Drawing in the ELT Classroom to Explore Social Justice
This was a practical workshop session applying practical teacher-drawing and learner-drawing tasks to explore issues of social justice and human rights.
Why Global Issues and the Visual Arts? What’s the link?
Those of us attending the PCE were doing so because we’re interested in, and recognise, either (or both) the power of visuals, and the importance of Global Issues in English language teaching. The visual arts have the power to trigger deeper discussion and engagement with a topic. We, and our students, are global citizens, of a world in which themes such as social justice and human rights are becoming increasingly important.
I believe that these things need to be talked about. One of the many things we’re doing as language teachers is helping to ‘grow’ a shared language – a lingua franca – with which we can talk about such things. The visual arts have the power to help us do that.
But Why Drawing?
How does the act of drawing differ from just looking at someone else’s visual? In a nutshell, the act of drawing as a way of exploring language leads to a deeper and more personalised, memorable connection. The workshop demonstrated and tried out learner-led and teacher-led drawing tasks.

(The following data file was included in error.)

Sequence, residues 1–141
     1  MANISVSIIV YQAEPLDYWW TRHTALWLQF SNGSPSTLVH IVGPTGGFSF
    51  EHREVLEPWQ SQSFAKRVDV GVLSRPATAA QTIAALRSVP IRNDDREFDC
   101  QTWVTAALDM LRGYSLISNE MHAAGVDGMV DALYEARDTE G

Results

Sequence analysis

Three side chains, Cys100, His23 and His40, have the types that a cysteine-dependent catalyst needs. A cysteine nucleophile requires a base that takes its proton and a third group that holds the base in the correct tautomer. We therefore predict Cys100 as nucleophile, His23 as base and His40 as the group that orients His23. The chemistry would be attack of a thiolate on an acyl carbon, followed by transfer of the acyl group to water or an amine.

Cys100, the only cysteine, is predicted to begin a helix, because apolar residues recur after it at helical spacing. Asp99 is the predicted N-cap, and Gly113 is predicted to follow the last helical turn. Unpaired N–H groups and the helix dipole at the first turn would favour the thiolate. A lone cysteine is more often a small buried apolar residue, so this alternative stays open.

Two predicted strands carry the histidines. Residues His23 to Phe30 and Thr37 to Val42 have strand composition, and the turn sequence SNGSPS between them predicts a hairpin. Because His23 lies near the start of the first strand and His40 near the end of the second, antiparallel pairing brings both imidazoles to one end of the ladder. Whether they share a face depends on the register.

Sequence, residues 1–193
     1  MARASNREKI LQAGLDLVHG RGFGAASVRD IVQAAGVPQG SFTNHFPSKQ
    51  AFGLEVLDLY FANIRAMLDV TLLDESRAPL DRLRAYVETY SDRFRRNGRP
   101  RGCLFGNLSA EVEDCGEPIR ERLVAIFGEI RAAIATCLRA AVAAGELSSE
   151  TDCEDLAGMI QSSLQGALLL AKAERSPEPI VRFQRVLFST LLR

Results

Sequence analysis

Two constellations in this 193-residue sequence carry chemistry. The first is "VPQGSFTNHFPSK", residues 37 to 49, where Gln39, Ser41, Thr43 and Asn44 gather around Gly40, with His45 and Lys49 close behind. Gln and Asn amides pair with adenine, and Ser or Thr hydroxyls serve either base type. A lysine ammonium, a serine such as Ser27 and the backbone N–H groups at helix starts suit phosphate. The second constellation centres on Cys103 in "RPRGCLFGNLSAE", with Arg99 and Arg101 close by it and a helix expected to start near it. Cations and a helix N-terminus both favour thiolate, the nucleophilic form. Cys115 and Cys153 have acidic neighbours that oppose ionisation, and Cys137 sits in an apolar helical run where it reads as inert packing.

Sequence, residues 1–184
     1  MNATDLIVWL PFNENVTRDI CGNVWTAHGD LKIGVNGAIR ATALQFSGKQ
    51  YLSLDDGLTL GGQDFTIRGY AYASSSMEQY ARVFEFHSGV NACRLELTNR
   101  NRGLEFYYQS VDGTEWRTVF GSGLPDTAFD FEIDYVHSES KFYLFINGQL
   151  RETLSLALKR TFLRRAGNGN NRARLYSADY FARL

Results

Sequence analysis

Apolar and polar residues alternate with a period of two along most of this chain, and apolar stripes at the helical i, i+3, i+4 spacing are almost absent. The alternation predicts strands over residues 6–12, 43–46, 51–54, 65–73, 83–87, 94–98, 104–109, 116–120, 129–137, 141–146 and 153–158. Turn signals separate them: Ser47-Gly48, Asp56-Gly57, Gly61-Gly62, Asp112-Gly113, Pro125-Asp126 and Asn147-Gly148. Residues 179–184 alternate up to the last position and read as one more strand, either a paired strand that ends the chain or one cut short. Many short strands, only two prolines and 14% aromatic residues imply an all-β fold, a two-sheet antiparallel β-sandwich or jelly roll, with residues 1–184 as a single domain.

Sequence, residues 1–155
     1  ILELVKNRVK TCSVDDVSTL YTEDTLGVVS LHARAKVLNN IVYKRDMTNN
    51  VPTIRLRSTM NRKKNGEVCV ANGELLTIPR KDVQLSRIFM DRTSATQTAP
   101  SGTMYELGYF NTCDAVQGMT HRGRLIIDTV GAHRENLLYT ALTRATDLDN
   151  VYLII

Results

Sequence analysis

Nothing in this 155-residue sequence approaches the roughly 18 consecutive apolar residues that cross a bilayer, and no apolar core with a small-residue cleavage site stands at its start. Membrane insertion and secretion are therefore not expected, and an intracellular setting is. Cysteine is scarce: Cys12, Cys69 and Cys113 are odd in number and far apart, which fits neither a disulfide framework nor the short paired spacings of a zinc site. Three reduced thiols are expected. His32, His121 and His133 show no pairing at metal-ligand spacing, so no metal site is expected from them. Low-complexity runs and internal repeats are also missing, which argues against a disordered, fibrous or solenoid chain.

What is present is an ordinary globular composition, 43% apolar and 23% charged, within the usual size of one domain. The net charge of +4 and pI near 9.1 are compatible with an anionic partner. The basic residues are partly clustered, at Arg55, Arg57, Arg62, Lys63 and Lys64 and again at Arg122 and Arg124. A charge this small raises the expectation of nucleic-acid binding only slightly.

The learner-led tasks are designed to act as a launchpad, or springboard, for discussion, with learners working in pairs or groups to share and generate ideas. These tasks looked at what a child in today’s world needs to survive and thrive, and the relationship between society and the individual, although the activities can be adapted for a range of related topics.
The teacher-led task, a PICTOGLOSS, is designed to aid learner comprehension of stories and language. In the PCE session, we looked at a story entitled ‘Teacup’ by Rebecca Young. Whilst telling the story the teacher illustrates it on the whiteboard and the learners then use these visuals to verbally reconstruct and discuss the content of the story. Again, the Pictogloss activity can be adapted to work with a wide variety of text types.
Jade Blue’s slides from her workshop can be viewed here JADE BLUE Drawing in the ELT Classroom to Explore Social Justice
Jade Blue 2018
Header Image: “Satellite View of The Road to Arlit, Niger” The Road to Arlit is a dangerous passage way for human traffic and economic migration. This is a detail of a carbon and pencil drawing. Artist Emma L Pratt drew every detail of the topography of this area as a reflection upon reading about the discovery of the bodies of 92 people who died of thirst after their vehicles broke down as they tried to cross the Sahara.